The smaller sand tiger shark embryo in the background was retrieved from… (Courtesy of Demien Chapman )
For a sand tiger shark embryo, the uterine experience is not so much "safe and nurturing" as it is "Hunger Games" arena.
In each of a pregnant sand tiger shark's two uteri, several egg sacs are fertilized, but only one baby emerges -- a 3-foot-long cannibalistic victor who has killed and devoured its siblings.
What the embryos experience in the womb is really less like a battle and more of a race. The first embryo to break free of its egg sack and start killing and eating its siblings will be the one who eventually gets to swim out of mom.
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This intrauterine behavior has fascinated scientists for more than 30 years, but a new study, published in Biology Letters, sheds more light on how it affects the reproductive success of males in the species.
Led by marine biologist Demian Chapman of Stony Brook University, the study looked at 15 pregnant sand tiger sharks that had been caught in nets off the coast of South Africa. The embryos' DNA revealed that most of the time, the eggs in a sand tiger shark's womb have been fertilized by several different males. And yet, in most cases, the two siblings who ultimately made it out alive had the same dad.
"In most systems, as soon as a sperm fertilizes an egg, the male is a success," said Chapman. "But in this system, the competition and the selection is happening even after that."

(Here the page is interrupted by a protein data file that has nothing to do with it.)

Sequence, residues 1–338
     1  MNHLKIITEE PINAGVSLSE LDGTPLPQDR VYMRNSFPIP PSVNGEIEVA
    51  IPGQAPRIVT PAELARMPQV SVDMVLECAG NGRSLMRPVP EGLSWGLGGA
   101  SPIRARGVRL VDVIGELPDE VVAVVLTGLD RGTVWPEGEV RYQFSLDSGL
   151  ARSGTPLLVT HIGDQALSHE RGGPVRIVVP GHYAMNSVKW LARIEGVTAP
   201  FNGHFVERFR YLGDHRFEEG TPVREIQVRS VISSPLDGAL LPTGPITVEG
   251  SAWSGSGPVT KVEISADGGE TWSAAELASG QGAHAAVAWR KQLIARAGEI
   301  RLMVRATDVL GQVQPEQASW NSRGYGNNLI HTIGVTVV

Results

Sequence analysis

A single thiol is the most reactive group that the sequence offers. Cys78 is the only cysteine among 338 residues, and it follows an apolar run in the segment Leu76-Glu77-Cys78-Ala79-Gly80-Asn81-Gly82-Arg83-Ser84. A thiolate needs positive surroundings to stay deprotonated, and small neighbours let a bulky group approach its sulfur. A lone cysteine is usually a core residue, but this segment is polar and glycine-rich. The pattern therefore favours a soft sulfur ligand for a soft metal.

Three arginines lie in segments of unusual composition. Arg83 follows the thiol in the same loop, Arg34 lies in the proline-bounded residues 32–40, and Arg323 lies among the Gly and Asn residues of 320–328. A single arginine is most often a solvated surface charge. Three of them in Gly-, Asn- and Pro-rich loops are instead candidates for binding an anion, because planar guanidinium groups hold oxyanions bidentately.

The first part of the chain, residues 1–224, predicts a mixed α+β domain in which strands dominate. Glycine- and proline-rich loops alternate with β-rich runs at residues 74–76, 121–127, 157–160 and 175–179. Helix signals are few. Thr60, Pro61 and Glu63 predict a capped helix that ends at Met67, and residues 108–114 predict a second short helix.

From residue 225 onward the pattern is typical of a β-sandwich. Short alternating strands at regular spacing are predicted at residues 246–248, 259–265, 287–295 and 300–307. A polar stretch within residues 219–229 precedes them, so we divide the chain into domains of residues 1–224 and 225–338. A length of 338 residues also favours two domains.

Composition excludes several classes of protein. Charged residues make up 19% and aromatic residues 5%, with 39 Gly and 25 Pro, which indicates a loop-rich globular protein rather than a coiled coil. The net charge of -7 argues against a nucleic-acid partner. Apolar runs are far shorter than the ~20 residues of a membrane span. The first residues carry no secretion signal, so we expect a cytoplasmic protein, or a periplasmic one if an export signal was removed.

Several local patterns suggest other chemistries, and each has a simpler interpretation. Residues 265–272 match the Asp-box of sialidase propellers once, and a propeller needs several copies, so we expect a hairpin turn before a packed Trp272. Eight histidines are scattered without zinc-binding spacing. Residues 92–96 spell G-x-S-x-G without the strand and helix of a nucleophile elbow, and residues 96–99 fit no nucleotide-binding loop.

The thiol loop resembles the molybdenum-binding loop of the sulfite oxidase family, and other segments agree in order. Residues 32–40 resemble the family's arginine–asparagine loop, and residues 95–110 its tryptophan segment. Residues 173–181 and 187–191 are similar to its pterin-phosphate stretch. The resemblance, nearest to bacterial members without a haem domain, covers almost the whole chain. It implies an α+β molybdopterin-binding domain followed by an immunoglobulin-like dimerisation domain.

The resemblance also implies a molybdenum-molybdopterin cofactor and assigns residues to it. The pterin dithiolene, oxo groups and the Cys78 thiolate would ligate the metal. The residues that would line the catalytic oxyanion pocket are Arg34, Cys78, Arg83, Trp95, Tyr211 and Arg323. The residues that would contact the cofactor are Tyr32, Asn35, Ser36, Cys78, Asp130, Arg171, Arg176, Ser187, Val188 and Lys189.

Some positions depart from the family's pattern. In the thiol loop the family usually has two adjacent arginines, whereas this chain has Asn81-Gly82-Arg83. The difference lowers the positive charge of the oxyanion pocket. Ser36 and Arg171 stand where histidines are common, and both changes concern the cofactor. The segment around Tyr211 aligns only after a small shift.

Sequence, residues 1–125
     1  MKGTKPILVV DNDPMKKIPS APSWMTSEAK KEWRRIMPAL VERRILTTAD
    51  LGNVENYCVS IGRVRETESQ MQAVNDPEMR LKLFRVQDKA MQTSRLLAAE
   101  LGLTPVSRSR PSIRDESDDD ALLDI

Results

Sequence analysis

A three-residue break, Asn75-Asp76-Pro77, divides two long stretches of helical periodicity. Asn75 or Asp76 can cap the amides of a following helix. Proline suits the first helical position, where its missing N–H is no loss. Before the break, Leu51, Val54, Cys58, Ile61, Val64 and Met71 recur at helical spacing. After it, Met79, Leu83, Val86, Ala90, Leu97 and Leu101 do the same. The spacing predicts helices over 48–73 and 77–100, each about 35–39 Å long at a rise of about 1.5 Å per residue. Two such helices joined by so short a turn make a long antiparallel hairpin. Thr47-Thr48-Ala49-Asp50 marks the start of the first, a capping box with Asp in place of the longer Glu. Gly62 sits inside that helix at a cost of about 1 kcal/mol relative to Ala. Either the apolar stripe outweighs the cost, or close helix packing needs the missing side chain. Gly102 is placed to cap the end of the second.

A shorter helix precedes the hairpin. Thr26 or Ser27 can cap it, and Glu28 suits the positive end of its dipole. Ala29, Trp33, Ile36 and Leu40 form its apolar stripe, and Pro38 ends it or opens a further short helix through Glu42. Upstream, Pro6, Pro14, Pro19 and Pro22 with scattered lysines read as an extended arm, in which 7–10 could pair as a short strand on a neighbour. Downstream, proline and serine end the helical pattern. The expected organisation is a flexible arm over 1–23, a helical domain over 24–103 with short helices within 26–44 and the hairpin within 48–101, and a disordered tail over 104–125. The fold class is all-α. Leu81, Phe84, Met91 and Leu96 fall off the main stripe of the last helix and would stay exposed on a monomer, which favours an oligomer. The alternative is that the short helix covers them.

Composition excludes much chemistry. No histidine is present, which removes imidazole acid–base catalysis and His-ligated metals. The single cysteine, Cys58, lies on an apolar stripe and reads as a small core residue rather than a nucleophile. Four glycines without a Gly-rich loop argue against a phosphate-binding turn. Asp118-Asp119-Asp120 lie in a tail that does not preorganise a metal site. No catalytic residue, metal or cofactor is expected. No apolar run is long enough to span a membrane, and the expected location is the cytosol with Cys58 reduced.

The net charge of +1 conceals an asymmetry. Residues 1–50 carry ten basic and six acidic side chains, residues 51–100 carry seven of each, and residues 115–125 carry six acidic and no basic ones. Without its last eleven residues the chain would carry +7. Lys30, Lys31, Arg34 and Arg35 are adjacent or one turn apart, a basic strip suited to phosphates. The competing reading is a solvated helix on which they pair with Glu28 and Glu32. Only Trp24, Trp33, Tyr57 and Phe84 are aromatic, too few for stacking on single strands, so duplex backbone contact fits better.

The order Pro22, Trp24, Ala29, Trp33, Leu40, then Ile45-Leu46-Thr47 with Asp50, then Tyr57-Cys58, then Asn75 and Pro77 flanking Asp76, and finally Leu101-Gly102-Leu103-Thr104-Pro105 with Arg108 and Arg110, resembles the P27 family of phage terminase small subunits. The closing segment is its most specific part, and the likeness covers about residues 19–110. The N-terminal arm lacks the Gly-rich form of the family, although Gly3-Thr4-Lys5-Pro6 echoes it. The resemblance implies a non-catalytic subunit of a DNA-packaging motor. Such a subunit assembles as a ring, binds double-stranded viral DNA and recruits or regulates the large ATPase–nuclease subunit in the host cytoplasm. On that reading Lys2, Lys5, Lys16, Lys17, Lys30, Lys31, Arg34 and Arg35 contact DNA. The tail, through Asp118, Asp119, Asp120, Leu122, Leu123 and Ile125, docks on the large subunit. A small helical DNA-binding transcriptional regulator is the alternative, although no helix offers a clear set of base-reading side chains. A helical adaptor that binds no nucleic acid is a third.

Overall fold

Chapman proposed two scenarios that might determine which male's genetic material will survive to the next generation. In one scenario, the first male sand tiger shark to impregnate a female would likely be victorious. The embryos he fertilized would have more time to develop and therefore be more likely to win the life or death intrauterine race.
In another scenario, some males may carry genetic material that promotes super fast embryonic development, leading their embryos to win the race and eat the slow pokes.
Evidence supports the first option. In captivity, an alpha male sand tiger shark starts to guard a female when she shows signs that she will soon start ovulating, Chapman said in an interview with the Los Angeles Times.
"He does that until he mates with her, and then he doesn't care anymore," he said.
But he said, it's unclear whether sand tiger sharks exhibit the same behavior in the wild.